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Jonathan Moore: President, problem-solver and philanthropist

Jun 8, 2021

Amy Hammond

Jonathan Moore is a Tampa Bay problem-solver who believes in the boomerang effect. That “give and you shall receive” philosophy has permeated his relationships within the Tampa Bay business community for two decades.

"Today, the InVision Advisors president manages design and construction processes for owners, keeps philanthropy top of mind and wakes up every day excited to lead his firm in tackling the latest challenge du jour.

“We like problems,” he says. “Nobody calls us for an easy project and says: We have no timeline, no budget and design whatever you want.”

An architect with a mantra like the one above seems a natural choice to take on responsibility for the lengthy Patel Estate project, which is exactly what happened years ago. Moore eventually sold that architecture firm, which still assists with the design of physician Kiran Patel’s elaborate Tampa compound today. What came next was the formation of InVision Advisors, which helps owners succeed with their building programs—whether it’s an expansion, new construction or facility logistic infrastructure.

Moore, and his staff, manage the design and construction matrix for owners who don’t have the time, knowledge or interest (or all three). As architects, they examine the drawings and map out master schedules, and master budgets, beyond needed construction materials. Cost savings is top of mind; so is project efficiency. What they accomplish is something much more visible than those general terms.

To see for yourself, step into the lobby at the Tampa Theatre. (Do it, really: the space is vintage and memorable.) That lush carpet underfoot is there because of Moore and his InVision team, who found it at a $25,000 savings. The forensic effort involved in the lobby restoration and auditorium reseating meant meetings with what Moore calls “NASA-worthy scientists” to determine the original colors of the carpet, and curtains, and then sourcing a near-replica.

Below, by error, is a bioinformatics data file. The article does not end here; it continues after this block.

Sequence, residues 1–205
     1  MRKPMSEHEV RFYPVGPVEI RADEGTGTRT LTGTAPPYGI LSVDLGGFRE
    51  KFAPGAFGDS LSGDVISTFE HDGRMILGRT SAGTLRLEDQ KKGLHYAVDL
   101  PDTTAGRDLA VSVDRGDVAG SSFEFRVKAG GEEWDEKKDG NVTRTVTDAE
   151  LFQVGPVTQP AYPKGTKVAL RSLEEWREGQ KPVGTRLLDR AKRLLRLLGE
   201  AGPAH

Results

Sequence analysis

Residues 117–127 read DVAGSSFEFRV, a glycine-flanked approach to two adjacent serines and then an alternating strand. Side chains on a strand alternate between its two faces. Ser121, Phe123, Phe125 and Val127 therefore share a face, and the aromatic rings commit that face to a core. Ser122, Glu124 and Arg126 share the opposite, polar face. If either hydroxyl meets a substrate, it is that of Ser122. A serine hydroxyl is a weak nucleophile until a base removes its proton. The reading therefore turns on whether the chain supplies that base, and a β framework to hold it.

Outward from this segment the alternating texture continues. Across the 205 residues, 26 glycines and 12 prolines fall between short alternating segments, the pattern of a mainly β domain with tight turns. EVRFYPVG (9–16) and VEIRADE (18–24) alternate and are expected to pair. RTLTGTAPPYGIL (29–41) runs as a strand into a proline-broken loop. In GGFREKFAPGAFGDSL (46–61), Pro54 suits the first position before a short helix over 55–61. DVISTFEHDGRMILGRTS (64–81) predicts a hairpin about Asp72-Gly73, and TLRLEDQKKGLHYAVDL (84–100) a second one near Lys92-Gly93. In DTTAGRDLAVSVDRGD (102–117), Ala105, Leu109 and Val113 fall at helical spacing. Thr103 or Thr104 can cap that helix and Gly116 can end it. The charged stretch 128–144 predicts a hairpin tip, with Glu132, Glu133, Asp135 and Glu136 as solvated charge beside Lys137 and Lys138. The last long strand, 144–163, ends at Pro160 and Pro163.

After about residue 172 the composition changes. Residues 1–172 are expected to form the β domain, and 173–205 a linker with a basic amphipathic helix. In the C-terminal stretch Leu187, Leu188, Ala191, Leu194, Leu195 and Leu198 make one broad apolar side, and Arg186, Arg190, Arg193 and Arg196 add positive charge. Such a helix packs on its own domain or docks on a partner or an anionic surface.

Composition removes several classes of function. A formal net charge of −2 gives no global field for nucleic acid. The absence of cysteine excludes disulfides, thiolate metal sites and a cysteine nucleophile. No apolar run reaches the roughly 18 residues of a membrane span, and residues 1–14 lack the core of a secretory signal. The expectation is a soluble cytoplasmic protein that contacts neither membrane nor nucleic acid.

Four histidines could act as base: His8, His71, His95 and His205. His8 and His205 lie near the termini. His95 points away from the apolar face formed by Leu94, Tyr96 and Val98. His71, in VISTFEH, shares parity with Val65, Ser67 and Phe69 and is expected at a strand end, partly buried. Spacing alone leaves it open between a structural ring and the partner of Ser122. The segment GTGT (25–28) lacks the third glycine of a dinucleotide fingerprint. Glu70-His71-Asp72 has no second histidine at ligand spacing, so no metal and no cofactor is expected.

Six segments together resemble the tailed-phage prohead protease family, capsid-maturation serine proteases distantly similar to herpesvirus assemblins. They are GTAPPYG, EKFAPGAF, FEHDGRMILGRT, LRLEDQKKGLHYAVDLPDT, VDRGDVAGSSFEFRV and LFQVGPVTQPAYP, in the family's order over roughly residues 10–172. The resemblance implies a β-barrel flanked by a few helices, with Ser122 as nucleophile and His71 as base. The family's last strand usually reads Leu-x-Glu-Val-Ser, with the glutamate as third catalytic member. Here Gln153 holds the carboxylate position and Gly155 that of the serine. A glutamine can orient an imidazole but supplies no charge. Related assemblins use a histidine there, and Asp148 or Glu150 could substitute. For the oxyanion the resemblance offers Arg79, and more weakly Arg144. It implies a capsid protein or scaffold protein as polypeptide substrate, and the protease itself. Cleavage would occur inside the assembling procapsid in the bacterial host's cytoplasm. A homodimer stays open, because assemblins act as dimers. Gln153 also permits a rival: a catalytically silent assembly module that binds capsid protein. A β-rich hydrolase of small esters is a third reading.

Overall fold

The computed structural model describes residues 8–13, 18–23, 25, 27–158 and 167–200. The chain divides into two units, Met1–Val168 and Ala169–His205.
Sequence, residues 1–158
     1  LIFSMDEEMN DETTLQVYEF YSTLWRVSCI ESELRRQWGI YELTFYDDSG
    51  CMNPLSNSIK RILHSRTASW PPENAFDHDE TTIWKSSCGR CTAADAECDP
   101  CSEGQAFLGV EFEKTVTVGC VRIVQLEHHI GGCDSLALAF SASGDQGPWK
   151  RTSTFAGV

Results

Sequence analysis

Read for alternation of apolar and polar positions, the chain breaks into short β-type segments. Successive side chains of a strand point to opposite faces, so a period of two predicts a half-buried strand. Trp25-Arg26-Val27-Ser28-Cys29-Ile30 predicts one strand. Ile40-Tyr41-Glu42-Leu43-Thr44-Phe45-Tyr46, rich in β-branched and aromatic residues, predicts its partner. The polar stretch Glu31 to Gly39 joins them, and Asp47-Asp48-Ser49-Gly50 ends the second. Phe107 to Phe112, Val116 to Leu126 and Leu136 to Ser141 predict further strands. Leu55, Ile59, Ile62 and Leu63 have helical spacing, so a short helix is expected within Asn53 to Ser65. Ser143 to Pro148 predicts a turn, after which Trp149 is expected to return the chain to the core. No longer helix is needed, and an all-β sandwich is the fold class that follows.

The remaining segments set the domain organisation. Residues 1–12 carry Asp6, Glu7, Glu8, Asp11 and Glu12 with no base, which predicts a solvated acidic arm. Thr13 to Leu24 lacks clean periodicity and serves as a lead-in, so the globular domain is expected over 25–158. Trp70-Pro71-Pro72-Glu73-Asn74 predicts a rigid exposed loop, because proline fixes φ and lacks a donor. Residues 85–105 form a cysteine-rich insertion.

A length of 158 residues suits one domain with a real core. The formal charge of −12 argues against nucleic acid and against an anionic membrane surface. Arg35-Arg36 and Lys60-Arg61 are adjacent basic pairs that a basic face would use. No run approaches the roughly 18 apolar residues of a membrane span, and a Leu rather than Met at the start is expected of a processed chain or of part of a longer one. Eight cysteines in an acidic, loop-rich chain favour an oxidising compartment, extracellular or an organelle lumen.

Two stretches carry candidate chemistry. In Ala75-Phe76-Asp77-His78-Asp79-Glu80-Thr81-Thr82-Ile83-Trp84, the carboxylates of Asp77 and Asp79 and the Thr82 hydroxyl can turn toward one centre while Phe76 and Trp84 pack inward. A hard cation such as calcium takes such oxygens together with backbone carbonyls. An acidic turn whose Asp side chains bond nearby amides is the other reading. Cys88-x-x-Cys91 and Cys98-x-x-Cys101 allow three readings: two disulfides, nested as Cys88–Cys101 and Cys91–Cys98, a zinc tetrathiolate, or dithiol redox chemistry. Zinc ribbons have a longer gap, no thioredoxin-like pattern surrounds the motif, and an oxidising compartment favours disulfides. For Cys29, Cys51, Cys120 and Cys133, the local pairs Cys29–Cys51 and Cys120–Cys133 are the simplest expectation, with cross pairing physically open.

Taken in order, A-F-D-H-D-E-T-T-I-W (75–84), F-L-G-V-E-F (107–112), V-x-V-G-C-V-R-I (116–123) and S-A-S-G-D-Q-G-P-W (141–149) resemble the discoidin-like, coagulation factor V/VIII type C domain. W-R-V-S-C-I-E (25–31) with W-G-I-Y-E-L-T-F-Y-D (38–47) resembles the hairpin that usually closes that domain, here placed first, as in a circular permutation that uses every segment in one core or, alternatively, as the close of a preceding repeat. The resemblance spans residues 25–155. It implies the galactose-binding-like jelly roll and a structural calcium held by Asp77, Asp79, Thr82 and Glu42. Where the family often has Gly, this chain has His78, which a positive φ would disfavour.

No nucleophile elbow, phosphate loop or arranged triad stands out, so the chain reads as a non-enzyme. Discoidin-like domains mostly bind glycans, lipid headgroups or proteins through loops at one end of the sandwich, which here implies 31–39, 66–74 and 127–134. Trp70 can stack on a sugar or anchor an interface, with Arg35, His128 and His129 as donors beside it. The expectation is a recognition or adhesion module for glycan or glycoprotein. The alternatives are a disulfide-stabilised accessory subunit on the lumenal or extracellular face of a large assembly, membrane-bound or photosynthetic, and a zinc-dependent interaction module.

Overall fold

Moore and his team recognized Brexit was about to occur, and with it, a massive shift in currency value. They jumped on the opportunity to order the carpet from Great Britain. InVision’s fifth project with The Tampa Theatre is currently underway. Other local project highlights include the St. Petersburg Pier, Ford’s Garage, the Bryan Glazer Family JCC and Florida Polytechnic. Plenty of opportunity exists here in the Tampa Bay area, he says, with one caveat:

“My biggest competition in the Tampa Bay market is the lack of knowledge of what we do,” he says.

That’s more intentional than it sounds, as Moore tends to blend into the background on purpose. After more than 1,000 projects and an excess of $1 billion in development, he prefers to step into a project, set up a framework for success, and be the person who is whispering valuable advice in the CEO’s ear garnered from extensive experience. While the end result of the real estate development may be impressive, a process free of trouble is the goal.

More than half the firm’s current work is in the nonprofit space, and this suits Moore fine. He’s a past president of the Rotary Club and has sat on the board of Habitat for Humanity. Giving back, and getting involved, comes naturally to him. Such efforts are how real relationships are built in the market, he says, and this philosophy leads to rewards in more ways than one.

These days, his advice is full of new suggestions to meet the challenges presented by COVID-19. Construction upgrades such as touchless building entry, once viewed as premium, now trend as standard. More space is needed to assuage the health fears of a socially distanced workforce. In some projects, he says, that means the elimination of the break room. Then there’s the air.

“If you follow the path of air movement, you’re following the viruses as well,” he says.

No longer will workers simply grumble about the workplace thermostat being out of reach. Keeping potentially harmful pathogens from being easily inhaled has become a construction concern. The placement of air ducts, and returns, is now an often-mentioned project focus.

Just another problem Moore is happy to solve.

“The constraints are what gets me up in the morning,” he says. “It helps us bring value to our clients.”"

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